Ponys | Theater Critic's Choice | Chicago Reader

Ponys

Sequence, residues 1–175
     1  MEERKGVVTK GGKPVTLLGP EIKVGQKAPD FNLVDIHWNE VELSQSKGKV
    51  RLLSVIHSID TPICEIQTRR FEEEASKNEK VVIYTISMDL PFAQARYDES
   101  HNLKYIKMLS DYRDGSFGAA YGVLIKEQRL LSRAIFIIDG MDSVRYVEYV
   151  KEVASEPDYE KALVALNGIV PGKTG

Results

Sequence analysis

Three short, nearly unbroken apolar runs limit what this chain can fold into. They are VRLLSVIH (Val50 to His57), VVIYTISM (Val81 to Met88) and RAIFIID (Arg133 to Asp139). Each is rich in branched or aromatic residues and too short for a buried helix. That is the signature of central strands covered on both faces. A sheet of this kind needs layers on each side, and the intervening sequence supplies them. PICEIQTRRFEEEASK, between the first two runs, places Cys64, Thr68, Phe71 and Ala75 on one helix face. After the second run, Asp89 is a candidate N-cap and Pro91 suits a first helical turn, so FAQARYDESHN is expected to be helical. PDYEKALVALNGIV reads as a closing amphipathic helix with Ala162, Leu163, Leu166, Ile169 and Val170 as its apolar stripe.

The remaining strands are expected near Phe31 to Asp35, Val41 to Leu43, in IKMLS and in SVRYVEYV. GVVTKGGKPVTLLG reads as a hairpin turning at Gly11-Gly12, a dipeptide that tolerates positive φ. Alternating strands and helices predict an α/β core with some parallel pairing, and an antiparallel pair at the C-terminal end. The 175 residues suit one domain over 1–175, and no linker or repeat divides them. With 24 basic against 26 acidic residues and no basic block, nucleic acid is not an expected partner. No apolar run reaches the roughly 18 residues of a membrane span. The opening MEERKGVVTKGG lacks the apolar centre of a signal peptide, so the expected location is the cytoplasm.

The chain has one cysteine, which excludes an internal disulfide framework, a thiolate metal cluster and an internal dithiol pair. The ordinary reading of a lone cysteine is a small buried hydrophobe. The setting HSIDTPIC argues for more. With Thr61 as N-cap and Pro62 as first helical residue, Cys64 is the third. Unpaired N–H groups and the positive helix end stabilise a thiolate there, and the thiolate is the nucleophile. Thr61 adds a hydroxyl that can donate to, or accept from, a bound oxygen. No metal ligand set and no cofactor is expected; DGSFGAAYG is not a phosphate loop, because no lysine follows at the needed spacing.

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Plenty of current rock bands borrow sounds from the glory days of CBGB or from the slightly gothier British scene of the years that followed, but few seem like they're investing themselves wholeheartedly--which is completely wrongheaded, because if there's anything inspiring to take away from the tragic stories of Johnny Thunders and Ian Curtis, it's a sense of the total commitment that made them helpless to follow any other path. Neither slapdash thrashers nor costumed revivalists, the Ponys sound so nakedly and innocently devoted to that sad street goddess rock 'n' roll that you almost worry for them. Every ringing Verlaine-ified guitar turn, every Farfisa burble, every insistent, melodic bass riff that's like Joy Division pounding desolately on the gates of heaven, every clanging breakdown that's like Sonic Youth falling down a flight of stairs--it's as if this band has lived in it while those other guys were just playing it. Celebration Castle (In the Red), the new album from these locals, is so good it teeters on the edge of heartbreaking, each song constructed with the understanding that rock is really just as much about tension and anticipation as it is about payoff. Guitarist Ian Adams quit this winter, and the handful of sardonic pop tunes he contributed to Castle and its predecessor, Laced With Romance--which stood out like a pair of cuff links in a dive bar, in part because his coy vocals contrasted so radically with front man Jered Gummere's plaintive howl--have been retired as well, along with the keyboard parts he sometimes added. New guitarist Brian Case of the 90 Day Men plays a six-string, not a jangly twelve-string like Adams often did, and never sings lead, but these changes have only made the band's live sound more raw and aggressive. This is a record-release party. The Subsonics and Plastic Crimewave Sound open. Fri 4/29, 10 PM, Double Door, 1572 N. Milwaukee, 773-489-3160 or 312-559-1212, $10.

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